594: Creation and multi-omics characterization of a genomically hybrid strain in the nitrogen-fixing symbiotic bacterium Sinorhizobium meliloti
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Posted to bioRxiv 09 Apr 2018

Creation and multi-omics characterization of a genomically hybrid strain in the nitrogen-fixing symbiotic bacterium Sinorhizobium meliloti
340 downloads synthetic biology

Alice Checcucci, George C diCenzo, Veronica Ghini, Marco Bazzicalupo, Anke Becker, Francesca Decorosi, Johannes Döhlemann, Camilla Fagorzi, Turlough M. Finan, Marco Fondi, Claudio Luchinat, Paola Turano, Tiziano Vignolini, Carlo Viti, Alessio Mengoni

Many bacteria, often associated with eukaryotic hosts and of relevance for biotechnological applications, harbour a multipartite genome composed by more than one replicon. Biotechnologically relevant phenotypes are often encoded by genes residing on the secondary replicons. A synthetic biology approach to developing enhanced strains for biotechnological purposes could therefore involve merging pieces or entire replicons from multiple strains into a single genome. Here we report the creation of a genomic hybrid strain in a model multipartite genome species, the plant-symbiotic bacterium Sinorhizobium meliloti. In particular, we moved the secondary replicon pSymA (accounting for nearly 20% of total genome content) from a donor S. meliloti strain to an acceptor strain. The cis-hybrid strain was screened for a panel of complex phenotypes (carbon/nitrogen utilization phenotypes, intra- and extra-cellular metabolomes, symbiosis, and various microbiological tests). Additionally, metabolic network reconstruction and constraint-based modelling were employed for in silico prediction of metabolic flux reorganization. Phenotypes of the cis-hybrid strain were in good agreement with those of both parental strains. Interestingly, the symbiotic phenotype showed a marked cultivar-specific improvement with the cis-hybrid strains compared to both parental strains. These results provide a proof-of-principle for the feasibility of genome-wide replicon-based remodelling of bacterial strains for improved biotechnological applications in precision agriculture.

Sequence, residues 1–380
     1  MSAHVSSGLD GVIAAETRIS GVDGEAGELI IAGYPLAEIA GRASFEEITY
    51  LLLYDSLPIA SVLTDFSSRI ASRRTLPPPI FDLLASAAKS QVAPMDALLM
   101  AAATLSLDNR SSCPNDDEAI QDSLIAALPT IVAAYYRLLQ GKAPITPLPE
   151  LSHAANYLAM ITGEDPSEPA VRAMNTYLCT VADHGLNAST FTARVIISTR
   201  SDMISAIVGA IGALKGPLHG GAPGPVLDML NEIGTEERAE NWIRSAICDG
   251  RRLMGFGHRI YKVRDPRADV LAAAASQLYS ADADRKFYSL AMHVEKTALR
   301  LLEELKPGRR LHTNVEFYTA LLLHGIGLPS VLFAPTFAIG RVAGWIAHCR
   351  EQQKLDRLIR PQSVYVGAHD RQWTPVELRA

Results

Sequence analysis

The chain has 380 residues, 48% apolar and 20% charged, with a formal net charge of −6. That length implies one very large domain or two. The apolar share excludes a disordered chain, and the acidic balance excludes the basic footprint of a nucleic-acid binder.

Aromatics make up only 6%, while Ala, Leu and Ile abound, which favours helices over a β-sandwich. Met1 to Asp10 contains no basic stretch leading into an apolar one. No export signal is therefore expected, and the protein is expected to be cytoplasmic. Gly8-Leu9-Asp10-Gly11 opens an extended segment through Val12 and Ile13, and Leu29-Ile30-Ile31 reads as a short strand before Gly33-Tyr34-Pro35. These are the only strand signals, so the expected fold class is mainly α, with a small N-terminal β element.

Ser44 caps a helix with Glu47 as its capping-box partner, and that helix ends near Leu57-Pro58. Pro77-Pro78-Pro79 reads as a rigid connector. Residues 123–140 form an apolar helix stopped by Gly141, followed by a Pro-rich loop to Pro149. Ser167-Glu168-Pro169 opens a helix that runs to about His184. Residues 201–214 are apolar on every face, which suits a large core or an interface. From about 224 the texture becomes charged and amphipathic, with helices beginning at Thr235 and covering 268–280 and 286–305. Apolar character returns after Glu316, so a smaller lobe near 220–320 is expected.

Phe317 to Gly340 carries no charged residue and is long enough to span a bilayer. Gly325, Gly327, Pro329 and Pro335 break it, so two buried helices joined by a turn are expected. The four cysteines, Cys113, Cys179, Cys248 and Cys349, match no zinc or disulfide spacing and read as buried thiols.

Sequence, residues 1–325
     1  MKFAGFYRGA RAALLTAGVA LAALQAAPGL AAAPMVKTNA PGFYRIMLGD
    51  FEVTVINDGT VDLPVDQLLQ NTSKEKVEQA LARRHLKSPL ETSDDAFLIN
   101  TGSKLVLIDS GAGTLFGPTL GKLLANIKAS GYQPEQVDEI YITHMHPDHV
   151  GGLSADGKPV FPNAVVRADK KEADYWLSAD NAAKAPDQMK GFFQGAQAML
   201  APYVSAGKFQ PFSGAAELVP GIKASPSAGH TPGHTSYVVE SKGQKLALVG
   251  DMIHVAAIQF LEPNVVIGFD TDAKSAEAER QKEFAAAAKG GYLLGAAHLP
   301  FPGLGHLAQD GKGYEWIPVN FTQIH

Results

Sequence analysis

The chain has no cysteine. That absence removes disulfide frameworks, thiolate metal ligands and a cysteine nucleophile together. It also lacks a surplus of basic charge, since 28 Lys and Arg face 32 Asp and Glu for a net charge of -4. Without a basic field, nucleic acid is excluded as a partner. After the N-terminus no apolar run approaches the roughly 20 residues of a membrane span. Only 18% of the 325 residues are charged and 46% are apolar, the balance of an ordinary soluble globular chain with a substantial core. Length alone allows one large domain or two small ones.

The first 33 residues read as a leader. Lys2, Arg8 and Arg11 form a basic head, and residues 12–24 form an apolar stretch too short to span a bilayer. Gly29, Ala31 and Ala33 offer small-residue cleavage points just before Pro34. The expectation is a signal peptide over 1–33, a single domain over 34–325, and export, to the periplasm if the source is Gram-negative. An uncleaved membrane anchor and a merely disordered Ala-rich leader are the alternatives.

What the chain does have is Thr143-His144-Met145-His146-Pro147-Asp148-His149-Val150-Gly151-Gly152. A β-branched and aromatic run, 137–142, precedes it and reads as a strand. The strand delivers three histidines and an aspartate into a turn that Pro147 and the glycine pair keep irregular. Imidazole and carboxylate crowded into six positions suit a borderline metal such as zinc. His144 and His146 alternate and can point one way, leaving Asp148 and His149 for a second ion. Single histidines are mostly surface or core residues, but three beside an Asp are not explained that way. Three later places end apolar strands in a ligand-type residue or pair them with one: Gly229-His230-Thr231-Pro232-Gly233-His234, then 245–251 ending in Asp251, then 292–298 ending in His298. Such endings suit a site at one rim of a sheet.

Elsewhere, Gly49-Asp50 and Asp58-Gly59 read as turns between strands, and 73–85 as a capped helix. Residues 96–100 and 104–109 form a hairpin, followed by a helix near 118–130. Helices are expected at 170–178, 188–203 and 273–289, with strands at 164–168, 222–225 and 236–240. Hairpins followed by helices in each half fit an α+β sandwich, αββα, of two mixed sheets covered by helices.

595: A cell-free platform based on nisin biosynthesis for discovering novel lanthipeptides and guiding their overproduction in vivo
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Posted to bioRxiv 05 Sep 2019

A cell-free platform based on nisin biosynthesis for discovering novel lanthipeptides and guiding their overproduction in vivo
340 downloads synthetic biology

Ran Liu, Yuchen Zhang, Guoqing Zhai, Shuai Fu, Yao Xia, Ben Hu, Xuan Cai, Yan Zhang, Yan Li, Zixin Deng, Tiangang Liu

Lanthipeptides have extensive therapeutic and industrial applications; however, since many are bactericidal, traditional in vivo platforms are limited in their capacity to discover and mass produce novel lanthipeptides as bacterial organisms are often critical components in these systems. We developed a cell-free protein synthesis (CFPS) platform that enables rapid genome mining, screening and guiding overproduction of lanthipeptides in vivo. For proof-of-concept studies, the type I lanthipeptide, nisin, was selected. Four novel lanthipeptides with anti-bacterial activity were identified among all nisin analogs in the NCBI database in a single day. Further, we coupled the CFPS platform with a screening assay for gram-negative bacterial growth and identified a potent nisin mutant, M5. The titer of nisin and nisin analogs significantly improved with CFPS platform guidance. Owing to the similarities in biosynthesis, our CFPS platform is broadly applicable to other lanthipeptides, provides a universal method for lanthipeptides discovery and overproduction.

596: Investigating circadian rhythmicity in pain sensitivity using a neural circuit model for spinal cord processing of pain
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Posted to bioRxiv 09 Feb 2017

Investigating circadian rhythmicity in pain sensitivity using a neural circuit model for spinal cord processing of pain
339 downloads synthetic biology

Jennifer A Crodelle, Sofia H. Piltz, Victoria Booth, Megan Hastings Hagenauer

Primary processing of painful stimulation occurs in the dorsal horn of the spinal cord. In this article, we introduce mathematical models of the neural circuitry in the dorsal horn responsible for processing nerve fiber inputs from noxious stimulation of peripheral tissues and generating the resultant pain signal. The differential equation models describe the average firing rates of excitatory and inhibitory interneuron populations, as well as the wide dynamic range (WDR) neurons whose output correlates with the pain signal. The temporal profile of inputs on the different afferent nerve fibers that signal noxious and innocuous stimulation and the excitability properties of the included neuronal populations are constrained by experimental results. We consider models for the spinal cord circuit in isolation and when top-down inputs from higher brain areas that modulate pain processing are included. We validate the models by replicating experimentally observed phenomena of A fiber inhibition of pain and wind-up. We then use the models to investigate mechanisms for the observed phase shift in circadian rhythmicity of pain that occurs with neuropathic pain conditions. Our results suggest that changes in neuropathic pain rhythmicity can occur through dysregulation of inhibition within the dorsal horn circuit.

597: Engineering Nitrogen Fixation Activity in an Oxygenic Phototroph
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Posted to bioRxiv 08 May 2018

Engineering Nitrogen Fixation Activity in an Oxygenic Phototroph
339 downloads synthetic biology

Deng Liu, Michelle Liberton, Jingjie Yu, Himadri B. Pakrasi, Maitrayee Bhattacharyya-Pakrasi